Tomorrow afternoon, the family of a hero will pass quietly through the streets of my almost-hometown Loganville, headed towards a memorial service to honor their slain loved one. On the Loganville Patch website, Jeff Allen has written of the community-wide request to line the sidewalks and driveways on Highway 78 with people as a way of saying thank you for Maj. W. David Gray’s service and sacrifice for our country and to support his family in their time of grief.
Next Tuesday, assuming all goes well, another hero will pass quietly through the streets of Latvia, looking to complete a quest that will change the life of a young woman and his own family. If he does so, it will be because our community supported him in his time of need. Kris Parker may be better known for his work as a blogger, fire fighter and youth pastor, but next week he will (God willing) travel to Latvia to assume the role of a superhero and bring his daughter, V, back home.
I have no desire to debate what makes a hero, because I firmly believe that heroism, much like beauty, is in the eye of the beholder. What may seem like a small act of kindness to you and me might be an outrageous act of heroism to the beneficiary. You just never know.
So without belaboring the point, I’d like to say thank you to the heroes all around us everyday. Whether you wear a uniform, get written up in the papers, or go about your business minus any fanfare whatsoever, your selflessness on behalf of your fellow men and women is a blessing to us all. You inspire. You heal. You make the often overwhelming miseries of this human life bearable because you give the truest gift of all: the gift of knowing that someone cares.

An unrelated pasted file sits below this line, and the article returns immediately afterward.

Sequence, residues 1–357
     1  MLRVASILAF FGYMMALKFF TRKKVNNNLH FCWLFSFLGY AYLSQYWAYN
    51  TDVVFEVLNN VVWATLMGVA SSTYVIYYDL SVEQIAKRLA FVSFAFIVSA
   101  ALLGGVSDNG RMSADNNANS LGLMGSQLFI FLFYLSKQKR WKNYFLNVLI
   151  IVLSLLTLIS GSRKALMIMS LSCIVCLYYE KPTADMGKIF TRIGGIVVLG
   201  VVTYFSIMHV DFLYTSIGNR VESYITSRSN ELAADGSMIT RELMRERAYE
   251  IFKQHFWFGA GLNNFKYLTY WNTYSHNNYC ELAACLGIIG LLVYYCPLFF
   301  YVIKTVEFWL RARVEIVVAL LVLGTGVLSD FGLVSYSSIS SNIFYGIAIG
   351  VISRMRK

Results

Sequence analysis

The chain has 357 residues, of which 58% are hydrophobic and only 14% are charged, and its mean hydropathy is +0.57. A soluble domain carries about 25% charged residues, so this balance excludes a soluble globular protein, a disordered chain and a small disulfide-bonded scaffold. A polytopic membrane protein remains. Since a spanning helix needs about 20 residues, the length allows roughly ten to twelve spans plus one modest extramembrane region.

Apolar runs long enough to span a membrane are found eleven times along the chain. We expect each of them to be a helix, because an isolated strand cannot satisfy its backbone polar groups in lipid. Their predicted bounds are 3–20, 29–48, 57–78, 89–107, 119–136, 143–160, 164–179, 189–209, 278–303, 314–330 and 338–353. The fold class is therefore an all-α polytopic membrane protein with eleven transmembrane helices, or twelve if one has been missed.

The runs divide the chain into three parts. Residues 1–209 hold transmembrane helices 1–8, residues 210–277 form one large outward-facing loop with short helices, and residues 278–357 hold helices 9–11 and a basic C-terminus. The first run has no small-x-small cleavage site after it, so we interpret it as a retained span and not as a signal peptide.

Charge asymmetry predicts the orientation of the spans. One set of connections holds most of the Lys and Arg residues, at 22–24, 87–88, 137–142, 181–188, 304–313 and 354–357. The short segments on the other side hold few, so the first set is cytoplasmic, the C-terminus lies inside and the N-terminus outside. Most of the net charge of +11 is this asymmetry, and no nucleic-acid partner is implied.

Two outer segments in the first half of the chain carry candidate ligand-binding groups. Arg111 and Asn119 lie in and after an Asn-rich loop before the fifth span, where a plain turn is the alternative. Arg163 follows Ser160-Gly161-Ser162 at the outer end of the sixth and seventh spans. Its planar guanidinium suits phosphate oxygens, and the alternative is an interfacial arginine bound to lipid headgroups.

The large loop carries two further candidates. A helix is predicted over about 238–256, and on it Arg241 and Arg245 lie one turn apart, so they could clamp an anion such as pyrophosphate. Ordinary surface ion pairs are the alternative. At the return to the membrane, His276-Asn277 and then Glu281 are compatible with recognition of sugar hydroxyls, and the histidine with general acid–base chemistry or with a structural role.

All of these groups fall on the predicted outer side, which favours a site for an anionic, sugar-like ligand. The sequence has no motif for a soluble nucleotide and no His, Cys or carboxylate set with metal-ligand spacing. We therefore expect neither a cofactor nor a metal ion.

The gift of knowing that, even if only for a second, we matter.
Tomorrow, if you can take the five minutes required to find a parking spot and then walk to the side of 78, you can be a hero to Maj. Gray’s family. You can remind them that the Major wasn’t the only whose sacrifice we will remember and honor. For the few seconds it takes for their caravan to pass by, you can be a hero to a fallen hero’s family.
And if you can spare a couple of minutes to read Kris’ blog, and then spare a couple of dollars via the PayPal link at the bottom, then you can be a hero not only to Kris, but to V as well. She may never know the names of every person who gave her a chance for a family and a life beyond the orphanage walls, but that will not make those anonymous folks any less heroic.
The beauty in both of these opportunities is that we get to turn the traditional hero narrative on its head: instead of the hero saving the community, the community can save the heroes.
Now if only we could all wear capes…